Developing speed on the runway, hitting the board in stride, generating force against to board and proper technique in the air are four key areas to gaining distance in the long jump and triple jump. There is, however, another way to squeeze out a bit more distance. There are several inches to be gained by learning proper landing techniques.
In the video clip below Cliff Rovel to,the Kansas State University Director of Cross Country and Track & Field discusses what he calls Active Landing which he believes can add 6-8 inches to your jumps. In the video he explains the key components of the active landing and demonstrates a simple chair drill to help your athletes feel what what he means by active landing.
For more information about the DVD that this clip came from click on the link Mega Drills for the Horizontal Jumps
The YouTube video below has sound, so please make sure that your sound is turned on and that you have access to the site. (Some schools block access to YouTube)
The goal of a great landing is to prevent injury and gain distance with an active landing. The jumper should land with the legs extended as far from the center of mass as possible with the toes pointing upward. The upper body should be vertical and the arms along side the body. Upon on landing the jumper must drive the hips and arms forward aggressively. If this does not happen their hips will land further back than the heels and distance will be lost.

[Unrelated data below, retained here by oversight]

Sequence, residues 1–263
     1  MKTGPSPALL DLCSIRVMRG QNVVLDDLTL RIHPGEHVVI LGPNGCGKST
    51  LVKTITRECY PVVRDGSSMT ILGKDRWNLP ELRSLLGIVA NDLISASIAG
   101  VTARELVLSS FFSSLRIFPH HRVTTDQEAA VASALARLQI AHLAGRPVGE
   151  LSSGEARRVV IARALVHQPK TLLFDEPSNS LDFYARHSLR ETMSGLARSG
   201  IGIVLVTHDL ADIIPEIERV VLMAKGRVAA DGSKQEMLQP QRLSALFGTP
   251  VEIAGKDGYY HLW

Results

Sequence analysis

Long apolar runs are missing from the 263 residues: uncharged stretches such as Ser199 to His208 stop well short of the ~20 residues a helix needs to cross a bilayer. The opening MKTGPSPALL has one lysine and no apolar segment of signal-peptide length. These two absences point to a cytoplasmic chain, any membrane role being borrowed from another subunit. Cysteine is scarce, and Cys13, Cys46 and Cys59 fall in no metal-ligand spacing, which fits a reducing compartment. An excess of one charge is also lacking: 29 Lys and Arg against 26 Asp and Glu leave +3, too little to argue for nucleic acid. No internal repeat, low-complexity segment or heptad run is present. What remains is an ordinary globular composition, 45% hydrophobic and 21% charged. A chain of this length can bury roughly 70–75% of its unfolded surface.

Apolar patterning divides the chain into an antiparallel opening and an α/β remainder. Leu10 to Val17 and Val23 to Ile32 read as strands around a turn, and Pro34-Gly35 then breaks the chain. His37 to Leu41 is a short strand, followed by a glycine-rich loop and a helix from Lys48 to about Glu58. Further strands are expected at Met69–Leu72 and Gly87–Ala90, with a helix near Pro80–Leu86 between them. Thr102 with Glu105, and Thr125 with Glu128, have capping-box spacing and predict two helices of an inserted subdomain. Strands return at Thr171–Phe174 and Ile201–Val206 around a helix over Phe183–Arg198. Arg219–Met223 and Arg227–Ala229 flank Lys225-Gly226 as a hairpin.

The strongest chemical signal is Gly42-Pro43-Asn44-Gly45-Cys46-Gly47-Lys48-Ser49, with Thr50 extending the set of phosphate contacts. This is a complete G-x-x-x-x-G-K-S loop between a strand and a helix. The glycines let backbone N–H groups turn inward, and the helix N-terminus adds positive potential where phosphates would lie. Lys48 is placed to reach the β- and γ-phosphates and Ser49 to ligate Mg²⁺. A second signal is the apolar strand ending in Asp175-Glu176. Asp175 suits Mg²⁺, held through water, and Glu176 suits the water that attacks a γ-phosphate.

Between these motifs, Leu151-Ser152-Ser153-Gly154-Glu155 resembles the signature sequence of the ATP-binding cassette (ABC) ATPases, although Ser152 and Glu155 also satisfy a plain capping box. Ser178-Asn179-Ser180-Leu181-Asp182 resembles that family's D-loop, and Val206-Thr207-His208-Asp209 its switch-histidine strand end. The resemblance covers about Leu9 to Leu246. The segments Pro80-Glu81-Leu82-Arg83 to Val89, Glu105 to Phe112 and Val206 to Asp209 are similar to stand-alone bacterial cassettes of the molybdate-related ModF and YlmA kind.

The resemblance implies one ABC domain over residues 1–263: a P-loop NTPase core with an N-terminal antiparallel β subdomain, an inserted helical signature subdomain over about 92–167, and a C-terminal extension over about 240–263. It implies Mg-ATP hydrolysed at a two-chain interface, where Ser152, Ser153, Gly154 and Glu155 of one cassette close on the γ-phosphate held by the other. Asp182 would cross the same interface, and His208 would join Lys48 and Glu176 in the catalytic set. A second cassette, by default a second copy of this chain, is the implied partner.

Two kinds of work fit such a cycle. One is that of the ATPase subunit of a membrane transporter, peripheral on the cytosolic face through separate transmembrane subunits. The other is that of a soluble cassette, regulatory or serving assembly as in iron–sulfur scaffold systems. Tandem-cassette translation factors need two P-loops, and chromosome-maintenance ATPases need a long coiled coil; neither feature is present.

Coach Rovelto uses a chair drill to teach his jumpers to be more active in their landing. Place a chair in the sand. Have the jumper sit upright on the edge of the chair with their arms to the side. Initially have their legs bent and slightly in front of the chair and in the sand. Have the player swing their arms and stand up. Progressively move their feet forward until the legs are completely extended. Now with the toes pointing up, their body upright and their arms to the side have the jumper aggressively drive their arms and hips forward in an attempt to stand up.